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Why we need to act on feminism, rather than use it as a moral label

What happens when a movement becomes a trend? Feminism has been glamorized in pop-culture by many people that let their arrogance get the best of them—usually because they have found something worth fighting for. Admittedly I was one of those feminists who assumed the whole “us against them” mentality, believing there were only feminists and everyone else. I relished in the times when I got to police people who said anything even slightly misogynistic. What I mean to say is that I admit wholeheartedly that I indulged in having something valid to be angry about: the patriarchy, women’s inequality. I liked believing that feminism was a collective movements of truths and that those who deferred even a little, were the collective’s enemy. But the startling truth is that arguing with people who don’t identify as feminists gets old. Having something to be angry about wears thin when nobody around you is even listening. It’s nice to feel like you are always right, but at what expense? It is as if we take our knowledge and take advantage of what we know because we know that there is someone out there that doesn’t.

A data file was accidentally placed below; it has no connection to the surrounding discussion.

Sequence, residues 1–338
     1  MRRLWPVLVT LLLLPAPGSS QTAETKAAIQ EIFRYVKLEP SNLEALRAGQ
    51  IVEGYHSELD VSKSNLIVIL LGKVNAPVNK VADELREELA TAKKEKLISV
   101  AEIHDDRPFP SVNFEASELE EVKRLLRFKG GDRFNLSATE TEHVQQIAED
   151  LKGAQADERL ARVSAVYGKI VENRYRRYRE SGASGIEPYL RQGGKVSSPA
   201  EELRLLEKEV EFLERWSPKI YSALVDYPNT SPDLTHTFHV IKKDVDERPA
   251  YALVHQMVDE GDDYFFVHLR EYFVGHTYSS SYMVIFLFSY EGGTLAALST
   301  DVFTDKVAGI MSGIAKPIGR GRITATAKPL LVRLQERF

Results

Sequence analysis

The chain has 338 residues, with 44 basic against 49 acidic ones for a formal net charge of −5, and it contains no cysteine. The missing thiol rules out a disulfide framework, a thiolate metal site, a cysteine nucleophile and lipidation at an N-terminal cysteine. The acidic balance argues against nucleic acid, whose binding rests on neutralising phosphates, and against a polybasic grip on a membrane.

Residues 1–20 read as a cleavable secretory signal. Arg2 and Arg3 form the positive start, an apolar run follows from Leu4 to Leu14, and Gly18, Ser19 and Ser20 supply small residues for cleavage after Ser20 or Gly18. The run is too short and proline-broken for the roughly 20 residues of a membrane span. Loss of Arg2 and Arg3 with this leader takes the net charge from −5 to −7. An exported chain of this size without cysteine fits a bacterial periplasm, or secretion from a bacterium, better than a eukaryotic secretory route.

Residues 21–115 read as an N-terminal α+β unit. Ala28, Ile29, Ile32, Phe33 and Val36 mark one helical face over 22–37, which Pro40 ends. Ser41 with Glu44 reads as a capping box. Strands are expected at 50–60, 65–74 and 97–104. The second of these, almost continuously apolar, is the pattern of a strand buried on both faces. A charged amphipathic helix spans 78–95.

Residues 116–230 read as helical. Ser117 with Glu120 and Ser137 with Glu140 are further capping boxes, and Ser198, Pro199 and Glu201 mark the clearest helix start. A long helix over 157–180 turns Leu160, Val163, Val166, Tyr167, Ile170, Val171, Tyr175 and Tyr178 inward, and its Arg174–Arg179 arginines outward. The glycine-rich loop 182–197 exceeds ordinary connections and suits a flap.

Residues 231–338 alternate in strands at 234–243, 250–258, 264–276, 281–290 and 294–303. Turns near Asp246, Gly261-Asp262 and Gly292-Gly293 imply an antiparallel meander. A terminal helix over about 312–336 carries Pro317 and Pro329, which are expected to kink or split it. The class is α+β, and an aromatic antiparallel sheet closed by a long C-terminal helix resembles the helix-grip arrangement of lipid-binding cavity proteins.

What we tend to forget is that being a feminist is not all about reveling in the glory and good times of argument and being right. Doesn’t being a feminist mean fighting for women’s equality, in a way that is proactive rather than counter-active?  Feminist egos should not consume the movements, or else the best of our beliefs will be surely corrupted by a greed that craves everybody else’s awareness of your intelligence.

There are so many celebrities who are out here ‘revealing’ that they are feminists, and so many fans praising them for letting the cat out of the bag that they too believe in equality. It seems like too many of us are assuming the whole “us vs. them” mentality of whether a celebrity is problematic or not, and frankly it’s a little exhausting. Isn’t everybody, in retrospect problematic? It is only through unlearning conditioned beliefs that we can ever peel off layers of our problematicism?